Is female agency inherently dangerous in A Doll's House?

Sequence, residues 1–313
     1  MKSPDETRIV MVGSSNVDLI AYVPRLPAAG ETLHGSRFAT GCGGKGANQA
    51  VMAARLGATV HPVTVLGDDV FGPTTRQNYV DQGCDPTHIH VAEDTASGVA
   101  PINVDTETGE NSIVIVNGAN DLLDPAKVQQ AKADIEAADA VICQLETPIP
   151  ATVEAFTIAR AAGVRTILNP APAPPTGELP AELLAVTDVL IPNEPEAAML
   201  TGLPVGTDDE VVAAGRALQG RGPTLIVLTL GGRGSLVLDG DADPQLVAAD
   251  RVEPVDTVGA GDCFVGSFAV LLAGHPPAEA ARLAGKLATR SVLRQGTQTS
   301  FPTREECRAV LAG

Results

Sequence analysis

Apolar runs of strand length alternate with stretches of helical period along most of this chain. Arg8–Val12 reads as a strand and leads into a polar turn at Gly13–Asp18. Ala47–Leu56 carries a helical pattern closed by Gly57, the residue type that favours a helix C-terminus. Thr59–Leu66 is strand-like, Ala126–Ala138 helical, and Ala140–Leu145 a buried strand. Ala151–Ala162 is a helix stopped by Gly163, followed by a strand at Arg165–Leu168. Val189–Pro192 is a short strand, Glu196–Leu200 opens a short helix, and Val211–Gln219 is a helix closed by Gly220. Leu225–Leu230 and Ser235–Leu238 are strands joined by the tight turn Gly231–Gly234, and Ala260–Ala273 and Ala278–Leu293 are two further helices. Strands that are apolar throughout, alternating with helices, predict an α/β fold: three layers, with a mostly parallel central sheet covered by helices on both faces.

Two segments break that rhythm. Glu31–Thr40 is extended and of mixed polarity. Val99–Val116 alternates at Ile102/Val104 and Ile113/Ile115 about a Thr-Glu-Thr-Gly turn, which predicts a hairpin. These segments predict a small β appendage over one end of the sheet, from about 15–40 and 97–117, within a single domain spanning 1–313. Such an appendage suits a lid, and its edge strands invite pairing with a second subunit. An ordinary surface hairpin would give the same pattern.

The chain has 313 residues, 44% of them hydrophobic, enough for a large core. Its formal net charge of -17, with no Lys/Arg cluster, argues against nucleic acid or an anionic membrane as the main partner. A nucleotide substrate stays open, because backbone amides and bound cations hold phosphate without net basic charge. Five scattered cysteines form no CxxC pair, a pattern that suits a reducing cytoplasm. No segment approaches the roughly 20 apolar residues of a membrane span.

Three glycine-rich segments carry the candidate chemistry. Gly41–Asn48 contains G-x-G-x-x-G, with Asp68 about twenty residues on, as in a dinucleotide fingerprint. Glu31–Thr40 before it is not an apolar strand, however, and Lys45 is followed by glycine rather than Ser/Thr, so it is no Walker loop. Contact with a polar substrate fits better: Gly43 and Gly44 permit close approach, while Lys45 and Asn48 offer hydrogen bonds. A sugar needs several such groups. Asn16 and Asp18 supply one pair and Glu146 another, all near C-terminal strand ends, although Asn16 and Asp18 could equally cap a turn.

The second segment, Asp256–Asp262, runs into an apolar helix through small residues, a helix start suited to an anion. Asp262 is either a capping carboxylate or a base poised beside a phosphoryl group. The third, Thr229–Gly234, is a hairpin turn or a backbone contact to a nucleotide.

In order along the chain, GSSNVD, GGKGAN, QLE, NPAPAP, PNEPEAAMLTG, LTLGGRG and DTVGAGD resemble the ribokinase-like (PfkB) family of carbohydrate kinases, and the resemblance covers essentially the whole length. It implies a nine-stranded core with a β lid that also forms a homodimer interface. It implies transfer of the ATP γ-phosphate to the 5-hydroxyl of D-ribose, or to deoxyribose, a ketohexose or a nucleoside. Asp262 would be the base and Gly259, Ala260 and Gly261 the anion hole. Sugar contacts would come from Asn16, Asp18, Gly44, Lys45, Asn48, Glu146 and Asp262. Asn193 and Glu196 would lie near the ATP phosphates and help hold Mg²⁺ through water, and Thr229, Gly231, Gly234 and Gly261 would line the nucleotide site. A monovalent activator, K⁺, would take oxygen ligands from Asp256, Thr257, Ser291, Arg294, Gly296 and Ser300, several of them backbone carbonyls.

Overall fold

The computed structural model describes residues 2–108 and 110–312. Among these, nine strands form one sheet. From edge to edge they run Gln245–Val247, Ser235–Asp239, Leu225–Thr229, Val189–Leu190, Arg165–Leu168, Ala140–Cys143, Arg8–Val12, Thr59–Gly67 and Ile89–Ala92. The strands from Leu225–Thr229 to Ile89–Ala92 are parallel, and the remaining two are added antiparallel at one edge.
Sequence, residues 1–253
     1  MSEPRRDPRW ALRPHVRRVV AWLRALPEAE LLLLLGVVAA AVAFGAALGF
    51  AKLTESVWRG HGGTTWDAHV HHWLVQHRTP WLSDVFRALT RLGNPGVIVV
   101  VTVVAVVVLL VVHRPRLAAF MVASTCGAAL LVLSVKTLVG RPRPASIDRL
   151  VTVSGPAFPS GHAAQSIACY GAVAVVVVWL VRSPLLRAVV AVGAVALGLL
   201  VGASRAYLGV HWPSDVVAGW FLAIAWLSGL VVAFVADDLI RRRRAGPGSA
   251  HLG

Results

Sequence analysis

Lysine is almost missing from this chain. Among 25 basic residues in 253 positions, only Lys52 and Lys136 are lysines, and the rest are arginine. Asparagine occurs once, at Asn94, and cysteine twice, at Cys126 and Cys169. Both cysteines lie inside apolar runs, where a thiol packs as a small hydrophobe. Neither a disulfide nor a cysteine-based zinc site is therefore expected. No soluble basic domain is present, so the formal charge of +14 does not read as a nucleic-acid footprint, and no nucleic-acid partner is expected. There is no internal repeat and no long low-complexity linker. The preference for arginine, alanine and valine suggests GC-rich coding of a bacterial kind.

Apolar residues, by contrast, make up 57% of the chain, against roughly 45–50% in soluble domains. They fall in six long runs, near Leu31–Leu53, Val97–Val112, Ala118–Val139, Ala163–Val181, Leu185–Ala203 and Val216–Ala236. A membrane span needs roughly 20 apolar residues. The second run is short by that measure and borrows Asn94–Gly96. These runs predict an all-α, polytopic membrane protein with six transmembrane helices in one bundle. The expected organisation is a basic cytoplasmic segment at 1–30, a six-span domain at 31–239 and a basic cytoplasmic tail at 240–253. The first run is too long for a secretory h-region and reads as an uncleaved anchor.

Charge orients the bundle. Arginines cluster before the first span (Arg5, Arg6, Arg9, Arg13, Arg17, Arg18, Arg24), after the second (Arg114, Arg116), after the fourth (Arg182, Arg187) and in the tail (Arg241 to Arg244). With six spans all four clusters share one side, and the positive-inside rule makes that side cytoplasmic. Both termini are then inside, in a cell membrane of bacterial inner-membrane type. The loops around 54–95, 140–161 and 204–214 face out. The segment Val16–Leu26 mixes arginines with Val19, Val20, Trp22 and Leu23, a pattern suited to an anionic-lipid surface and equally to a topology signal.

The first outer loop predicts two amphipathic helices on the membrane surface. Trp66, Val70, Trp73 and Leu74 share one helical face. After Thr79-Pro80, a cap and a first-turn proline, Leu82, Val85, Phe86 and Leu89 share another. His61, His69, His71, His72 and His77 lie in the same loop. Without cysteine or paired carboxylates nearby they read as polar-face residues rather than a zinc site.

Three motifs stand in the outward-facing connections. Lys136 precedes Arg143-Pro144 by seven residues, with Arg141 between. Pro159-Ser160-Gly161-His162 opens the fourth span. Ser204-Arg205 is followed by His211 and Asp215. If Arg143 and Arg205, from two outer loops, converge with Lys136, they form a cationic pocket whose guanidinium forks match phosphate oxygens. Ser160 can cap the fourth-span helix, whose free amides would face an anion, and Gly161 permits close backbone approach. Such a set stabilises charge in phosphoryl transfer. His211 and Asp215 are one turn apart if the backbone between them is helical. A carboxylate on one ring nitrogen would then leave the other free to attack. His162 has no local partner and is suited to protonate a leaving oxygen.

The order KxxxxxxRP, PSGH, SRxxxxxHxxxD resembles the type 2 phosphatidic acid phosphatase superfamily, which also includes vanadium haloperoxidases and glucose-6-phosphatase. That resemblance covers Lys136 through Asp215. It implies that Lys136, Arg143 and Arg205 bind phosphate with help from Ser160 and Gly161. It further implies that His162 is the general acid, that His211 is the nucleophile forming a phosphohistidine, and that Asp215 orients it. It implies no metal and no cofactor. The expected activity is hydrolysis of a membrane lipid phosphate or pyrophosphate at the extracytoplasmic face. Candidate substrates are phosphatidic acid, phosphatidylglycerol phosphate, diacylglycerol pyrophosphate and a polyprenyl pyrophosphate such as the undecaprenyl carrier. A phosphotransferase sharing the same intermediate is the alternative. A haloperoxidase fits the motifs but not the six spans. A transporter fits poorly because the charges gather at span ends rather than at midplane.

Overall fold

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You are asking if female agency is "inherently dangerous" in Henrik Ibsen's A Doll's House, but I would question who exactly finds Nora Helmer's actions seditious? Nora does in fact challenge the gender norms of the time, and in doing so she disrupts the standards of marriage in the Nineteenth Century. According to gender norms at the time, Nora is meant to be more of a reflection of her husband's wealth and status; she is supposed to be a proverbial Angel in the House, there to impart normative values to her children and serve as a doting refuge for her husband. She is not supposed to exhibit agency. So if we look at the play according to societal standards of the time, Nora's insistence on forging her own path is dangerous. But is it inherently dangerous? I question that. She only poses a threat to the moralistic values women were (and, in some cases, still are) forced to follow.

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